Many of the sculptures are larger than life and highlight the interconnectivity of all living things. For example, an oversized hummingbird and flower demonstrate concepts of co-evolution. A centerpiece sculpture of a Monarch butterfly and milkweed draws attention to protecting the habitat of Monarchs. There’s even a chance for guests to be part of the exhibit with a photo opportunity built into a mosaic of a garden scene. Fittingly, Lewis Ginter Botanical Garden’s passion is connecting people and plants to improve our community.
The displays includes:
WHITE HENRY LILY
32,514 LEGO pieces
The lily has been a symbol of purity and resurrection of life since ancient times. One of the ﬁrst plants grown by humankind for beauty instead of food, the lily remains as popular as ever today. The fragrant, white-ﬂowered types are meant to attract hummingbird-like sphinx moths to pollinate them. Their scent and color help attract crepuscular moths (those active at dawn and dusk) and nocturnal moths. For this reason, white lilies are an ideal plant choice for evening and moon gardens. They show beautifully in night-lighting or moonlight and the moths that come to pollinate are an entertaining sight.
HUMMINGBIRD AND TRUMPET FLOWER
36,300 LEGO pieces
You can tell a lot about a bird by its beak. Each bird is perfectly adapted to its main type of food. Hummingbirds have long narrow beaks that allow them to drink nectar from deep within a ﬂower. Beyond their beaks, hummingbirds inspire wonder for their incredible engineering! They are the only bird that can ﬂy in any direction, including backward, with wing beats of 60 per second. Although many weigh less than a penny, these tiny creatures can migrate for thousands of miles and ﬂy across the Gulf of Mexico. Humans have learned many lessons about aerodynamics and ﬂight from the hummingbird. Many species co-evolved, seen here by the shape of the tube-shaped trumpet flower which matches the long, narrow beak of a hummingbird.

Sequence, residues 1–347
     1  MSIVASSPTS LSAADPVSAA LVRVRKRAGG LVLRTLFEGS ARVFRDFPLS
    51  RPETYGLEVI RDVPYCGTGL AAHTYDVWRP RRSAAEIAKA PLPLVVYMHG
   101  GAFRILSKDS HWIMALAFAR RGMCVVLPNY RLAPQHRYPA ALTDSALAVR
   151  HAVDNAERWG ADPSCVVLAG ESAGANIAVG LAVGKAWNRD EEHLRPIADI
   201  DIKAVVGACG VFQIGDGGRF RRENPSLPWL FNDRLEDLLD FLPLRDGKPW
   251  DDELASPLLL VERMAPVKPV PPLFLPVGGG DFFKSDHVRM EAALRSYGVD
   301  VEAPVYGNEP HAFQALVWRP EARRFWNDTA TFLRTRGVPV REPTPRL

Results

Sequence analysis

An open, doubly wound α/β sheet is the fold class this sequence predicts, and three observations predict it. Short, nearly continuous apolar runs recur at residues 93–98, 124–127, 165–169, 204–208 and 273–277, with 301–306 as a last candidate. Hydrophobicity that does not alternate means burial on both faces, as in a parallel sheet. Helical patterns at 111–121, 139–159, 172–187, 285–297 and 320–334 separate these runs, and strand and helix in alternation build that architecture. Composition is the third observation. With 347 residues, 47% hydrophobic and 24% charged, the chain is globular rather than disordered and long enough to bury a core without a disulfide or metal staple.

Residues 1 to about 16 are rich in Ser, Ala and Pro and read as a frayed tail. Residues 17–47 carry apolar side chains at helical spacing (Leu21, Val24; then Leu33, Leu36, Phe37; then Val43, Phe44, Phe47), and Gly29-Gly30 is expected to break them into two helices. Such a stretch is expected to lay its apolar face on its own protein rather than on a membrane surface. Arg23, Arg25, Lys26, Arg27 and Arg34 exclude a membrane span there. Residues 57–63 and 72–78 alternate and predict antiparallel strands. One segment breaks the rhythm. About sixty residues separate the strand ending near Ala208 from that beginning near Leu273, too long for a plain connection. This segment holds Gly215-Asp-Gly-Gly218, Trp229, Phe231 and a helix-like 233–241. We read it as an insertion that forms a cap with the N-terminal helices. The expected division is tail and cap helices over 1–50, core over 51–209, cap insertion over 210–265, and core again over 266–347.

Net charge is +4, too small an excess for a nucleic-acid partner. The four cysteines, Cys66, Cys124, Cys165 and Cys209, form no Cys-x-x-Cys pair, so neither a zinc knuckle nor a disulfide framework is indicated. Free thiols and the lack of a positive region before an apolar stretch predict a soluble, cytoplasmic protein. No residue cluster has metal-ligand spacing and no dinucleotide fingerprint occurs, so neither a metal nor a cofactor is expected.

MONARCH ON MILKWEED
60,549 LEGO pieces
The Monarch butterﬂy is known for its relatively large size and beautiful orange-red and black scaled wings. It owes this beautiful color combination to its host plant—the milkweed. When Monarch caterpillars feed on milkweed, they ingest the plant’s toxins, which in turn make the adult butterﬂies toxic to predators. The Monarch’s coloration is a classic warning for predators in the natural world to stay away. The milkweed plant also provides nectar-rich ﬂowers for the adult Monarch butterﬂy to survive for its migration.
42,164 LEGO pieces
Mantids are extraordinary predatory insects that eat just about anything small enough for them to catch. They are called “praying” because of the way they hold their extra-strong unique forelegs, which they use to catch and hold prey. The American native Carolina Mantid depicted here is considered a beneﬁcial insect because it helps balance outbreaks of pest species. The larger Chinese Mantid is often depicted, but it is an introduced species that is becoming invasive. The Chinese Mantid has the potential to damage rare insects, especially in remnants of rare wildlands like prairies.
PHOTO OP CUT-OUT
29,578 LEGO pieces
Guests can be part of the exhibit. This mosaic cut out allows people to photograph themselves as part of the display.
And Many More!
To learn more about the other pieces that are in the Garden, visit the exhibitions page here.